PSD to HTML conversion companies receive a lot of resumes from job applicants. But only some of them have good chances to be hired. One of the important reasons to be rejected is a candidate’s insufficient education level and practical experience.
The applicants can be divided into two main categories:
- Self-educated persons – With knowledge and skills derived from the beginners’ (short-term) courses, web design and PSD to HTML tutorials, forums, etc. and
- Those who are professionally educated and trained in the field of design and/or programming – E.g., courses in the colleges / universities + several years of work in web companies + continuous self-education.
In this article we have gathered recommendations on how to improve your chances to be hired by the PSD to HTML companies if you refer yourself to the first category.
Forums, PSD to HTML Tutorials, and Chances to Be Hired
Some experts reckon that “Web design, for example, is now in large part a commodity.” Really, today web design and HTML/CSS coding attract a lot of people of different ages, from various locations and with different basic education. It seems like everyone and their dog tries to be a web designer or web developer these days. Many of them believe that the Do-It-Yourself approach is the fastest, easiest and still reliable way to conquer the web design peaks.
Unfortunately, PSD to HTML companies are not interested in a noticeable deal of such candidates. It is due to their unacceptably low level of knowledge and skills. Such guys and gals are easily recognized in forums by “I’m a newbie here, please help me with…” following with a question, e.g., about something from the very elementary HTML CSS basics. No wonder that phrases like “RTFM, dude!” prevail among the answers.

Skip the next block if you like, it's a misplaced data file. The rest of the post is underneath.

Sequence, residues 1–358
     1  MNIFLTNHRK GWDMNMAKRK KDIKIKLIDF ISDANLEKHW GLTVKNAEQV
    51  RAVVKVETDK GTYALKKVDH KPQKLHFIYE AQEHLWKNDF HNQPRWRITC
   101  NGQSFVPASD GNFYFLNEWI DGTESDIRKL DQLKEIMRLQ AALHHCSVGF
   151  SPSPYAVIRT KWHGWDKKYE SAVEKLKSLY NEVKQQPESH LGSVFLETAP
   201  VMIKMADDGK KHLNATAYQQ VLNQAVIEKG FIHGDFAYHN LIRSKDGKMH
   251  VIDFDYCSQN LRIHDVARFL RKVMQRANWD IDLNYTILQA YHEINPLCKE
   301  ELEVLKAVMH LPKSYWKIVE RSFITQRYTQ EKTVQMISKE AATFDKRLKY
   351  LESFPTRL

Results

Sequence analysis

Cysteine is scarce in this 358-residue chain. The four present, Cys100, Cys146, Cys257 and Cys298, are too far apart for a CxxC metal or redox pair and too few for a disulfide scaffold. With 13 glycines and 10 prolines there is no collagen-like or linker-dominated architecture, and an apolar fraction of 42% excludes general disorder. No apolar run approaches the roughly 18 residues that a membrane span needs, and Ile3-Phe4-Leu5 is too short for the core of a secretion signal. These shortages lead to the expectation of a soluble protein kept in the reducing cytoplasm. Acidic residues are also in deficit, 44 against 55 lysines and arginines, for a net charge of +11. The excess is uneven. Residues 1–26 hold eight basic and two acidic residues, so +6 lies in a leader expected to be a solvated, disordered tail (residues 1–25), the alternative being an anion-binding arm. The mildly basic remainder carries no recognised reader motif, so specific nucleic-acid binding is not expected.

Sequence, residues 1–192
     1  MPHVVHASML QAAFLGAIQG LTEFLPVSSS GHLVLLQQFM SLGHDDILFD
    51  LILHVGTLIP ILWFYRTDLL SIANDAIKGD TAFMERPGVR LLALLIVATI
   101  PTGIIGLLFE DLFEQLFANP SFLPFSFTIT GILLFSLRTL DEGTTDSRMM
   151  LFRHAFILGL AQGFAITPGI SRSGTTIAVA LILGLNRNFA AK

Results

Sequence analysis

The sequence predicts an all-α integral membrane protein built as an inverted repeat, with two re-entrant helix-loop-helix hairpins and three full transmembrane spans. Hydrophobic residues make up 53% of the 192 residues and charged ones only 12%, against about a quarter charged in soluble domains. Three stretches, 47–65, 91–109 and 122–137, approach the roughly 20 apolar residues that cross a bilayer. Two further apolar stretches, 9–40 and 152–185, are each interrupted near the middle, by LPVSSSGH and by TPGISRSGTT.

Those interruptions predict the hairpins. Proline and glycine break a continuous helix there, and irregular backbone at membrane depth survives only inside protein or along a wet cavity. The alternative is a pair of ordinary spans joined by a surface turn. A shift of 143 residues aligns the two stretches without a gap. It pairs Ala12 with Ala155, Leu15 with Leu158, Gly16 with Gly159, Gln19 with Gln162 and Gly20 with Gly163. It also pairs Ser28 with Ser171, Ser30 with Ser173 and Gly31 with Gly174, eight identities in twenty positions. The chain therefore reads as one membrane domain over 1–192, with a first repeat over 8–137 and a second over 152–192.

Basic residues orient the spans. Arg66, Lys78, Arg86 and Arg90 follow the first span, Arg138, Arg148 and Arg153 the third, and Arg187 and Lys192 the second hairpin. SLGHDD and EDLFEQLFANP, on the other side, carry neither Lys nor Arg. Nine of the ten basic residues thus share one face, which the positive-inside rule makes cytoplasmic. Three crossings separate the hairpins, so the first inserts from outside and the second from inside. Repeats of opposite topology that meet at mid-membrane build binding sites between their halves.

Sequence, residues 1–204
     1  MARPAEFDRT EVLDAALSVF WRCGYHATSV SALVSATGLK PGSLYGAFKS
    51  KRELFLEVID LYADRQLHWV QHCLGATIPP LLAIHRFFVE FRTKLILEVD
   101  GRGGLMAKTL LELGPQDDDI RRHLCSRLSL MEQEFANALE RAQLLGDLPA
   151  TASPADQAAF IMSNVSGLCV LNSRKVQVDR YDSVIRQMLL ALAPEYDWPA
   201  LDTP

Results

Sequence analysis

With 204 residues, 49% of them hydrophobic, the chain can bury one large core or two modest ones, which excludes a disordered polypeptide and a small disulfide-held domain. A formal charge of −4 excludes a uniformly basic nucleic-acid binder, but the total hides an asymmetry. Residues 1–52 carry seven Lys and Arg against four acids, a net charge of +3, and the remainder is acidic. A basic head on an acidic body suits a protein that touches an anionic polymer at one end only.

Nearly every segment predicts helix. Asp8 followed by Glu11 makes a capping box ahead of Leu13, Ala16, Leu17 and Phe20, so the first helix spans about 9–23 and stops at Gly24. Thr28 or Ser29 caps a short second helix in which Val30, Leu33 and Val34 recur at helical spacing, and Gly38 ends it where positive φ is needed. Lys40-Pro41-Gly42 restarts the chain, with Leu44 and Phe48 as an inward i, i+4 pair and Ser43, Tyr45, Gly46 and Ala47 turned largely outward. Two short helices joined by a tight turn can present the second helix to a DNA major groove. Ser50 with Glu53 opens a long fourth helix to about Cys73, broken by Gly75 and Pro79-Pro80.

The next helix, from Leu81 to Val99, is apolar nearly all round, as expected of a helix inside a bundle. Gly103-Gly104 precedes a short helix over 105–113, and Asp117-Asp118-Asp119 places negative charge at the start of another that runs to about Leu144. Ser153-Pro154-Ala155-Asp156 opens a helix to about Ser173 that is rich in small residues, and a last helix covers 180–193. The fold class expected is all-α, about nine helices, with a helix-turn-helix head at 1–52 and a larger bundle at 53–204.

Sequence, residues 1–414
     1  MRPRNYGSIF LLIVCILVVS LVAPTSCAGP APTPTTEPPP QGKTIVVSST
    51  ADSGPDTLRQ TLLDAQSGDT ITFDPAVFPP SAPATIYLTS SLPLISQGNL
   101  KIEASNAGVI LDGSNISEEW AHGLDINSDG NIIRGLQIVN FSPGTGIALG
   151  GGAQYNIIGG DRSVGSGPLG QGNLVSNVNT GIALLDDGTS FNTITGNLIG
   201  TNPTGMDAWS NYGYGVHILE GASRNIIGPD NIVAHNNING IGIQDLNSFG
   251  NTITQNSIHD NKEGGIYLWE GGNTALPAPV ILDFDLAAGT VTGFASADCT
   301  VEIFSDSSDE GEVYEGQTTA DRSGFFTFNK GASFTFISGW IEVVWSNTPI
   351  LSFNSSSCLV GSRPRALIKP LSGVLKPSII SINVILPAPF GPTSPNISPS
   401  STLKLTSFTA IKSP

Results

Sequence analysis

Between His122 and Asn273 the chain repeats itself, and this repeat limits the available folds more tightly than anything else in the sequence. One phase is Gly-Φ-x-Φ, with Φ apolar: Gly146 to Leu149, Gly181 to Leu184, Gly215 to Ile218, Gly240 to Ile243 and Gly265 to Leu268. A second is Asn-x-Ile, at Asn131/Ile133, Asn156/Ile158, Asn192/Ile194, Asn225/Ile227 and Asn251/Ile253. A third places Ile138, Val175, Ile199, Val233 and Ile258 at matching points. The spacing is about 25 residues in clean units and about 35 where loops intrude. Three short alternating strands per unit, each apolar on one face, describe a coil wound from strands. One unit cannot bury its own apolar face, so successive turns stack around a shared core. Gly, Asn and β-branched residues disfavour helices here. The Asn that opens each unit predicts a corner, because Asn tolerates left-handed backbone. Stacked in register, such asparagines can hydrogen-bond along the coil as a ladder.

More chances to be hired have those who study web design and PSD to HTML conversion with the help of tutorials. Photoshop and, e.g., PSD to HTML5 and CSS3 tutorials are extremely popular now so let’s consider them in more detail.
According to Wikipedia
“A tutorial is one method of transferring knowledge and may be used as a part of a learning process. More interactive and specific than a book or a lecture; a tutorial seeks to teach by example and supply the information to complete a certain task.
Depending on the context a tutorial can take one of many forms, ranging from a set of instructions to complete a task to an interactive problem solving session.”
Tutorials can be prepared in various forms and media: as a plain text (in the doc, odt, pdf, etc. formats), as presentations, slideshows, video and audio files. Tutorials are easy to find because there are a lot of websites that collect and systematize them.
Web design tutorials have a number of important Pros:
- Topical information on the latest technology novelties which aren’t available from books yet
- Sharing fresh hands-on experience and problem solutions
- Visualization, simplicity, and concentration on one particular topic – You have a specific question and you get a concrete answer here
But the tutorials have essential Cons too:
- They may convey a particular author’s opinion rather than suggest a generally accepted or recommended solution
- One-side decision can be presented for problems which may have different (and even more effective) approaches to be solved
- Some essential details can be missed by chance
- Tutorials may be not reviewed by an independent expert and contain mistakes or work only in an author’s computer environment (i.e. under a specific type and version of an operating system and browser, monitor settings, etc.)
So, if a job applicant’s education is built completely and only on the tutorials it might be quite shallow and scrappy. As a result, the candidate is able to perform some certain tasks but for others (even those that differ very slightly) he or she needs the next portion of PSD to HTML tutorials or… a more fundamental education.